Jon Rosenthall says he bought the wrong car 30 years ago, but this hasn't stopped him from turning his 1970 MGB into a particularly nice example of this popular sports car, which will be joining about 260 of its brethren descending on Belleville, Ont., this week.
This bounty of Bs, two thirds from the United States, will be taking part in the North American MGB Register's annual convention. Hosted by the MG Car Club of Toronto, it is being held for just the third time in Canada.
Rosenthall will be looking after the car show element of the five-day event (June 23-27), not unfamiliar territory as his day job includes responsibility for the Cruise Nationals and Classic Concourse displays at the Canadian International Auto Show in Toronto. Plus he's got past experience to draw on, having run the car show at the 1992 convention in Peterborough, Ont.
The MGB remains one of the most popular classic British sports cars today for the same reasons it did before the half-million original purchasers passed them on to sports car posterity. As MGs have been since the 1920s, they're fun, fairly fast, affordable and fixable.
The MGB arrived in 1962, the successor to MG's first really new post-war design, the MGA of 1955. Work on the B began about three years later and it took four very deliberate years of fine tuning to bring this modern monocoque design to market.
Chris Harvey in his book, MG: The A, B And C, says: "They did their work so well the car achieved well-nigh immortality as the most popular sports car the world has ever seen. No manufacturer has been able to offer anything better at a lower price and so readily available since."
That was written in 1980, the last year for the B, which had originally been planned for just a seven-year lifespan - and just a decade before Mazda reprised the concept with its MX5, which has reached sales of about 900,000 by offering all the same things the B did.
Further proof the B's designers got it right was that the roadster version remained essentially unchanged over those two decades, only being updated to meet changing regulations and marketing considerations. An MGB GT with rear hatch, a six-cylinder MGC and even a V-8 model were also produced.
One of the 2,500 or so V-8s built in the early 1970s will be in Belleville along with a 2005 MG TF. The MG brand is currently owned by Shanghai Automotive Industry Corp.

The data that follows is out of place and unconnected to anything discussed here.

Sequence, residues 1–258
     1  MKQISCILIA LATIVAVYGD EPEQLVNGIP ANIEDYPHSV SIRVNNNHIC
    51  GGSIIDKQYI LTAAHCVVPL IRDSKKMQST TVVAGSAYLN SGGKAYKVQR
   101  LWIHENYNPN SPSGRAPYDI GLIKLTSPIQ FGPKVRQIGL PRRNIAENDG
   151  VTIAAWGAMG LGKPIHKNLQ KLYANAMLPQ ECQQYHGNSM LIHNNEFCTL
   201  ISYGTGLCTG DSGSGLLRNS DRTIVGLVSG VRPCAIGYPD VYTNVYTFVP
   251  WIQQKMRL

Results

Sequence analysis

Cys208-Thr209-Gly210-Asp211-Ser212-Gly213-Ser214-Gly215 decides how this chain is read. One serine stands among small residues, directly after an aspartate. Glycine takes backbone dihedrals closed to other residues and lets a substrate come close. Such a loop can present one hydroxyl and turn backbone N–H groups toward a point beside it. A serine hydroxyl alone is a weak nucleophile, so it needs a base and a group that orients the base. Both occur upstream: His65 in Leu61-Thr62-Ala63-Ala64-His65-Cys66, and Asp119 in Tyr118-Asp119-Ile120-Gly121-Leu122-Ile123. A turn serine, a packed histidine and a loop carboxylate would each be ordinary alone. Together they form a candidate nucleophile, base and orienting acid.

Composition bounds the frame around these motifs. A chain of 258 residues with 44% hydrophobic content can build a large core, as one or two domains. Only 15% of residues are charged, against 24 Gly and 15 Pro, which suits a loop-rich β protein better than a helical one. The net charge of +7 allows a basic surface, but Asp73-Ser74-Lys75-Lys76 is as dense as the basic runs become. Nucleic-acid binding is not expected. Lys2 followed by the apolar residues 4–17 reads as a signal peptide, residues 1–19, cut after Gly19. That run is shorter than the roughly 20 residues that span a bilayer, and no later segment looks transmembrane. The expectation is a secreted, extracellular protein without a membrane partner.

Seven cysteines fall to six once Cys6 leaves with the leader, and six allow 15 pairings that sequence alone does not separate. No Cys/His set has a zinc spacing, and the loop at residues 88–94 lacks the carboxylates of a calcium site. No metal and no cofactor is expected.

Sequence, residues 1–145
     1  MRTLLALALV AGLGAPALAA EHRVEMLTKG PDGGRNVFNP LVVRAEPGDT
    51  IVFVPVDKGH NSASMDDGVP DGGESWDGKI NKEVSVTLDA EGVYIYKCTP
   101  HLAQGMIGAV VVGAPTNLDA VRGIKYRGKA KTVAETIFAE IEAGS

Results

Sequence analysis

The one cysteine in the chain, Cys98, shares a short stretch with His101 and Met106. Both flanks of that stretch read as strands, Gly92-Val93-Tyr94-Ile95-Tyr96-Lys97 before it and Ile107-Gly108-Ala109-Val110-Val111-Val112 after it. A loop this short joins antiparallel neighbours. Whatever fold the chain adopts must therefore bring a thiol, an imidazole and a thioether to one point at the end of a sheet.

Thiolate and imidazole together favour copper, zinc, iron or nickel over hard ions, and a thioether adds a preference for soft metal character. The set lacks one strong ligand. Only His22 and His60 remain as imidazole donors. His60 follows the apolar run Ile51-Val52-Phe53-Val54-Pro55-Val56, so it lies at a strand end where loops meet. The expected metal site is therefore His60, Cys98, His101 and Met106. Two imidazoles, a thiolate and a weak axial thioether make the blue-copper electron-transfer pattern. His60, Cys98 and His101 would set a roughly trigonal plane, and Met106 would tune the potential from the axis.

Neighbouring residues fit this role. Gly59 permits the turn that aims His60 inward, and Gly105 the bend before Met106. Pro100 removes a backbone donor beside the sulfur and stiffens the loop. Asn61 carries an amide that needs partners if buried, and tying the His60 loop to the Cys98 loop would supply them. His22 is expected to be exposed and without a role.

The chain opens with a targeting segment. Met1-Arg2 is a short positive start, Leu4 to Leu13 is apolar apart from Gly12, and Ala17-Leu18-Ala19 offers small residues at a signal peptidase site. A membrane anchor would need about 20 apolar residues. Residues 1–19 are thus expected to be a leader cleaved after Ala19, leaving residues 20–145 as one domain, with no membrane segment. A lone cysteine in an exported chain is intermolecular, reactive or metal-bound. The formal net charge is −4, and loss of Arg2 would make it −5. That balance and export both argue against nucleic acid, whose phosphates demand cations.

The original B of 1962 was a two-seat roadster, weighing 920 kg, with a roomy and comfortable cockpit, a folding top, independent front and live axle rear suspension, disc front/drum rear brakes, a 1.8-litre, overhead-valve, four-cylinder engine making 95 hp at 5,400 rpm and a four-speed gearbox. It could hit about 175 km/h and took just over 12 seconds to get to 100 km/h.
Rosenthall says he went about acquiring his B in 1980 the wrong way round. "I should have joined the club first," he says. "As a result, I bought the wrong car."
Even though it looked good, he soon discovered 1970 was a bad year for Bs. But he persevered with "Neville" as it was soon christened and it has "become part of the family."
Neville has now been fully fettled and its interior extensively redone, including the addition of a very classy wood-veneered dash. Neville has also acquired a better half in the form of a trailer made from the aft section of another MGB.
And typical of Rosenthall's cars, it has also rolled up an impressive number on its odometer, some 305,000 miles. It's driven every day in the summer, he says.
Rosenthall, now 64, grew up in Montreal and says his interest and affection for things with both four and two wheels "began about the time I was able to recognize shapes."
His first motorized ride was a Honda 50 motorcycle, followed by a Lambretta scooter and then a 56 Harley-Davidson, "which was a handful."
Then, at the urging of his parents after a near-fatal motorcycle near-miss, he switched to four wheels, buying a 1959 BMW Isetta, purchased when he was 17. "From then until I was 19, I went through 14 cars," he says. "My mother, who had to sign for me, and the people at the licence bureau were on a first-name basis."
After earning his mechanic's certificate, he became a service adviser at a Chevy dealership, driving to work in a Peugeot 403. His first new car, in 1968, was another one, this time a 204 Cabriolet. Prophetically, perhaps, his alternate choice had been an MGB.
"The Peugeot beat it hands down," he says, but adds that by 1971 - after suffering through Montreal winters and a move to Toronto to work for Golden Mile Chevrolet - "it virtually dissolved."
Rosenthall then changed careers, becoming a travelling salesman for his father's textile products company, and later creating his own business selling laces, trimmings and sewing notions.
After rolling a Mercury Comet on black ice, he decided big cars were a better idea and a succession of American iron followed, on which he racked up monster mileages. Some 450,000 miles on a 1977 Olds Delta 88 and then more than 400,000 miles on a 1985 Lincoln Town Car, both fitted with a Recaro driver's seat and a wooden-rimmed Nardi wheel.
He returned to imports with a 1988 Volvo 760 Turbo Wagon - "a sweet car" he rolled the odometer up to 450,000 km on - then a C-Class Mercedes that topped 400,000 km.
Rosenthall wound his company down in the mid-1990s and launched a new one selling promotional products, which he still operates on a limited basis.
His involvement with the Canadian International Auto Show began more or less by accident in the early 2000s, helping out with its then-new Sports Compact Revolution component. By 2004, he was an employee and is now events supervisor for the popular Cruise Nationals competition and the dazzling Classic Concourse displays of the world's great cars - which isn't a bad gig for a car guy who drives to work most days in an MGB named Neville.